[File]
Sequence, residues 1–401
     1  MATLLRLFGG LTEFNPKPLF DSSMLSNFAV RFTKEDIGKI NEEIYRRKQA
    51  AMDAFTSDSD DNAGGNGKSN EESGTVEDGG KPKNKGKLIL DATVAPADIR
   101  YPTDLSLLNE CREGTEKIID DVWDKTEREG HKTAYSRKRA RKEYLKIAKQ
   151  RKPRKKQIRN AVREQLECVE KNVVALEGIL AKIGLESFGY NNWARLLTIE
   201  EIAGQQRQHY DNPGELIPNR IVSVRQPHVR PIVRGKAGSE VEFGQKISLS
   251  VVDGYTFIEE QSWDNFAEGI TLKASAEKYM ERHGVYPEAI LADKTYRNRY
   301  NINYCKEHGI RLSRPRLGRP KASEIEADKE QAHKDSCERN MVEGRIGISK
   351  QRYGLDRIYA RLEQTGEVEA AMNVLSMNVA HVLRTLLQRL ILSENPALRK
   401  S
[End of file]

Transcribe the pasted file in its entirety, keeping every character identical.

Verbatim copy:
Sequence, residues 1–401
     1  MATLLRLFGG LTEFNPKPLF DSSMLSNFAV RFTKEDIGKI NEEIYRRKQA
    51  AMDAFTSDSD DNAGGNGKSN EESGTVEDGG KPKNKGKLIL DATVAPADIR
   101  YPTDLSLLNE CREGTEKIID DVWDKTEREG HKTAYSRKRA RKEYLKIAKQ
   151  RKPRKKQIRN AVREQLECVE KNVVALEGIL AKIGLESFGY NNWARLLTIE
   201  EIAGQQRQHY DNPGELIPNR IVSVRQPHVR PIVRGKAGSE VEFGQKISLS
   251  VVDGYTFIEE QSWDNFAEGI TLKASAEKYM ERHGVYPEAI LADKTYRNRY
   301  NINYCKEHGI RLSRPRLGRP KASEIEADKE QAHKDSCERN MVEGRIGISK
   351  QRYGLDRIYA RLEQTGEVEA AMNVLSMNVA HVLRTLLQRL ILSENPALRK
   401  S